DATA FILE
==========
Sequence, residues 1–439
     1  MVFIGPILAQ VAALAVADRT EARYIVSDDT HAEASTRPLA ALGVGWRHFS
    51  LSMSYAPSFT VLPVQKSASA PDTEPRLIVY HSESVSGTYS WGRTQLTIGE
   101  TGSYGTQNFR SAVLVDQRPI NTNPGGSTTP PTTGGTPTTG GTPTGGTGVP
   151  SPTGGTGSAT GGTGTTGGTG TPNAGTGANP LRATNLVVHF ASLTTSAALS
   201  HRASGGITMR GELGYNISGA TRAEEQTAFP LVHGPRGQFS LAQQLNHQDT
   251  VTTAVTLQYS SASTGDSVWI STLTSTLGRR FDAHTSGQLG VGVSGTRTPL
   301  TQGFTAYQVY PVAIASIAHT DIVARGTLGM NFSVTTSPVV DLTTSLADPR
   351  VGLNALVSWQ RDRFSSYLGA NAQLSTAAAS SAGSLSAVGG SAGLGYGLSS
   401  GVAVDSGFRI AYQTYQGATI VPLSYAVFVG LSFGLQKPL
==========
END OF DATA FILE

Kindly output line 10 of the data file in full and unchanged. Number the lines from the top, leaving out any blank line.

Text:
   401  GVAVDSGFRI AYQTYQGATI VPLSYAVFVG LSFGLQKPL